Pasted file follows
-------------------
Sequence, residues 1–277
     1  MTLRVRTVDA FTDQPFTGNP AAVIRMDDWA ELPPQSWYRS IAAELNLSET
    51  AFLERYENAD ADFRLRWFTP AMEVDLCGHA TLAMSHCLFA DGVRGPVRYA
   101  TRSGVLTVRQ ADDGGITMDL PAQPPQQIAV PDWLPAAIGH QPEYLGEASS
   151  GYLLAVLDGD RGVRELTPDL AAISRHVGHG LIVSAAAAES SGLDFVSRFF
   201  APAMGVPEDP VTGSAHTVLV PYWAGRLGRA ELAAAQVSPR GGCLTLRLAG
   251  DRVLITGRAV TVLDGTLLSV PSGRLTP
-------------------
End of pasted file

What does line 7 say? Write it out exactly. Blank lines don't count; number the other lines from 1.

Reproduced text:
   251  DRVLITGRAV TVLDGTLLSV PSGRLTP